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Hairyloon

Top bar hive. How thick planks?

Sorry for asking such an easily googled question, but it's not so easy to google from down the woods and it only just occurred to me to maybe cut some boards to build bee hives...no smilies
Cathryn

Can you open this? It has a cutting list. It won't cut and paste otherwise I would.

http://www.scribd.com/doc/168332145/How-to-Build-a-Simple-Top-Bar-Hiveno smilies
Hairyloon

Thank you, looks good.no smilies
RichardW

Thicker planks will insulate it more.

As long as its structurally sound I doubt it matters too much.

Say 10-30mm ish. Thicker planks could be assembled with no framing, thinner ones with framing.no smilies
Cathryn

The bee space inside is critical and I'm glad I made the theoretically double size version. It gives me space to work in and to put in things like feeders. I'm planning on insulating around the hive with sheep's wool when it gets colder.no smilies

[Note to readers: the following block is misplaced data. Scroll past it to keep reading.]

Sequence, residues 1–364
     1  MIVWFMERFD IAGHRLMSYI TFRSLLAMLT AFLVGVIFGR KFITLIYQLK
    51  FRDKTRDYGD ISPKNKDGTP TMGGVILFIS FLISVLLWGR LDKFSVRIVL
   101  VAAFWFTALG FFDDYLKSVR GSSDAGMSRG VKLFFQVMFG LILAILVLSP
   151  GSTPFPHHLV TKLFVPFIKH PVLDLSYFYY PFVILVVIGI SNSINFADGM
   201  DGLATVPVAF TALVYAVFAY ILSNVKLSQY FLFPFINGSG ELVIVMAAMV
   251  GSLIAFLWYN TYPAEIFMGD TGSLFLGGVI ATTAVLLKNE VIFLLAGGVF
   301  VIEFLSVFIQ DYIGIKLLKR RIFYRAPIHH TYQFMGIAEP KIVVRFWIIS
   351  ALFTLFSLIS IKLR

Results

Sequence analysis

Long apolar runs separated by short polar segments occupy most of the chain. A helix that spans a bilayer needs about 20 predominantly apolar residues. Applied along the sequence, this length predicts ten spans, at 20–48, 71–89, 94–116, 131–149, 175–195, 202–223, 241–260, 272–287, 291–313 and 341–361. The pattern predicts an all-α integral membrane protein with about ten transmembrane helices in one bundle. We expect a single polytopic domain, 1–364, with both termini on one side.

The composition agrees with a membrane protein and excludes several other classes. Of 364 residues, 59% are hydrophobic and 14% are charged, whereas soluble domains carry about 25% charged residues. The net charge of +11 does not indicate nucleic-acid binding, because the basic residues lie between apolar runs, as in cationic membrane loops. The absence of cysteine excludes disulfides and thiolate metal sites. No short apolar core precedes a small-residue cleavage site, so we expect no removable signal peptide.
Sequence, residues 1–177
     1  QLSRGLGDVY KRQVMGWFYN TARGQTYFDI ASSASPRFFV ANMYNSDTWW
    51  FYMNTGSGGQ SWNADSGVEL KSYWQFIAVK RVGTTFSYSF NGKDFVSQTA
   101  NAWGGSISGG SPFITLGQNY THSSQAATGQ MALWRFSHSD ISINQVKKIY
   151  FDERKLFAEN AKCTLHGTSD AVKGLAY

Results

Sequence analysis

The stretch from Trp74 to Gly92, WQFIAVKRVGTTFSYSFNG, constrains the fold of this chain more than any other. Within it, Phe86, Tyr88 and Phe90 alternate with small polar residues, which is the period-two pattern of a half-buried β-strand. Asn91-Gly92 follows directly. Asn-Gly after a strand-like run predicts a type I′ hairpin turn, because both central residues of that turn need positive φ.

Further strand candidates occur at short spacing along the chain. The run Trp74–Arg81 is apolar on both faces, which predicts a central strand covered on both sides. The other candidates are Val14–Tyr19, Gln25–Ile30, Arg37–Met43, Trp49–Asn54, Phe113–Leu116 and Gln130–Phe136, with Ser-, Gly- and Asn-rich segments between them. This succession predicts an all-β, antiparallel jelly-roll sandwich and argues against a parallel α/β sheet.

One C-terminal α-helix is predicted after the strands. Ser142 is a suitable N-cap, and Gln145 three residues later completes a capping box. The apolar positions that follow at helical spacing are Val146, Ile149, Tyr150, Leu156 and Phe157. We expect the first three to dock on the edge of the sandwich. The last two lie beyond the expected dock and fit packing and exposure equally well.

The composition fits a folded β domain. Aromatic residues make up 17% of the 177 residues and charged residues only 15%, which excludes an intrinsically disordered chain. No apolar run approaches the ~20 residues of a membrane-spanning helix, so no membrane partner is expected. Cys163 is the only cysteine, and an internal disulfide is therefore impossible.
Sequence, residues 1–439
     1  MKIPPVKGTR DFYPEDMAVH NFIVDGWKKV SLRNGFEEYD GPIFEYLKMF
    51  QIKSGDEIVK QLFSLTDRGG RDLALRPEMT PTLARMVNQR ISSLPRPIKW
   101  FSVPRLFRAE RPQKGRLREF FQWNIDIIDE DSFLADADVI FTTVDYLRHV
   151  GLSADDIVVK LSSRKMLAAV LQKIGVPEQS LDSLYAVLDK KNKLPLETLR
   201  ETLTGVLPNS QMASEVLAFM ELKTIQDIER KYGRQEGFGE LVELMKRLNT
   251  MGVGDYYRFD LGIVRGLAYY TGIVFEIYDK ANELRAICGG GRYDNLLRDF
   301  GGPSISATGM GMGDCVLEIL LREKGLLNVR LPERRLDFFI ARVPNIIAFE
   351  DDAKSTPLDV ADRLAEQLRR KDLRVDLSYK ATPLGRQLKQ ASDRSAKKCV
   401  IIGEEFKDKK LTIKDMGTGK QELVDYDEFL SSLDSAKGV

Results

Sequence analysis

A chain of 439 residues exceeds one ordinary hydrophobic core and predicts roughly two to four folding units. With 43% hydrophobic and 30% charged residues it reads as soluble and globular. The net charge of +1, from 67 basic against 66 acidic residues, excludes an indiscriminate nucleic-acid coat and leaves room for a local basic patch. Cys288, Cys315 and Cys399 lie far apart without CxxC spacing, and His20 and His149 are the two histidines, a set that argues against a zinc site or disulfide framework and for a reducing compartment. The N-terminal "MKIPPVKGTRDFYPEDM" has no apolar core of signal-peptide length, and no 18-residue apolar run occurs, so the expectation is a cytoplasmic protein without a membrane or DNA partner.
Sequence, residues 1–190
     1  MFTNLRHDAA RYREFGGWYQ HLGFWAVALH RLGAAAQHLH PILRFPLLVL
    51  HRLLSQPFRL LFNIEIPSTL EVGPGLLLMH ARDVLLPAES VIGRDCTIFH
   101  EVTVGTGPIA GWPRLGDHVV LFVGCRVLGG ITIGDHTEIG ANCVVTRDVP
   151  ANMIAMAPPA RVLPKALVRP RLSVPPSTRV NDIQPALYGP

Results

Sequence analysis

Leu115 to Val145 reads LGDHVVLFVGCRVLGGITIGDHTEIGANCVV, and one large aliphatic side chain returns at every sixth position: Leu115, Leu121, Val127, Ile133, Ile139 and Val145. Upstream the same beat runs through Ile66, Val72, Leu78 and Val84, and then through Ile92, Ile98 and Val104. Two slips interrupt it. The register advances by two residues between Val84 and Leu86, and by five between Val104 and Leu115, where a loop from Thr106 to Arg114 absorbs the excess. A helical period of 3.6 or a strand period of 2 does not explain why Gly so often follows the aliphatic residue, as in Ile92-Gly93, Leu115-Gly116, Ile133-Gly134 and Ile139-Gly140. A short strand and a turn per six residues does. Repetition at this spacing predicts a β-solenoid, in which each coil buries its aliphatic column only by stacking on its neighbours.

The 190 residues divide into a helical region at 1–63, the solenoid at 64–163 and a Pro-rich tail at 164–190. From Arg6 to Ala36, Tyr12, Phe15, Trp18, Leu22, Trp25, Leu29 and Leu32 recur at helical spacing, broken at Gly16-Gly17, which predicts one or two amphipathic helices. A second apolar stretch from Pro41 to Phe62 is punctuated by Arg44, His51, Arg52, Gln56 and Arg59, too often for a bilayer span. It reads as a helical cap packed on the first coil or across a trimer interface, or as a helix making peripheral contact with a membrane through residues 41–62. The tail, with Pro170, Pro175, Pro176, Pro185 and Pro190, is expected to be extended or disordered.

Tavascarow

Really thick walled hives will take longer to warm in the spring.
The bees are perfectly capable of maintaining the internal temps at optimum all year as long as they have enough food.
So bees in a thinner walled hive will consume more winter stores but catch the early nectar & pollen.
Keeping them dry is more important IMHO.no smilies
Hairyloon

I was wondering about using treated wood for the legs. Is this likely to be a bad idea?no smilies
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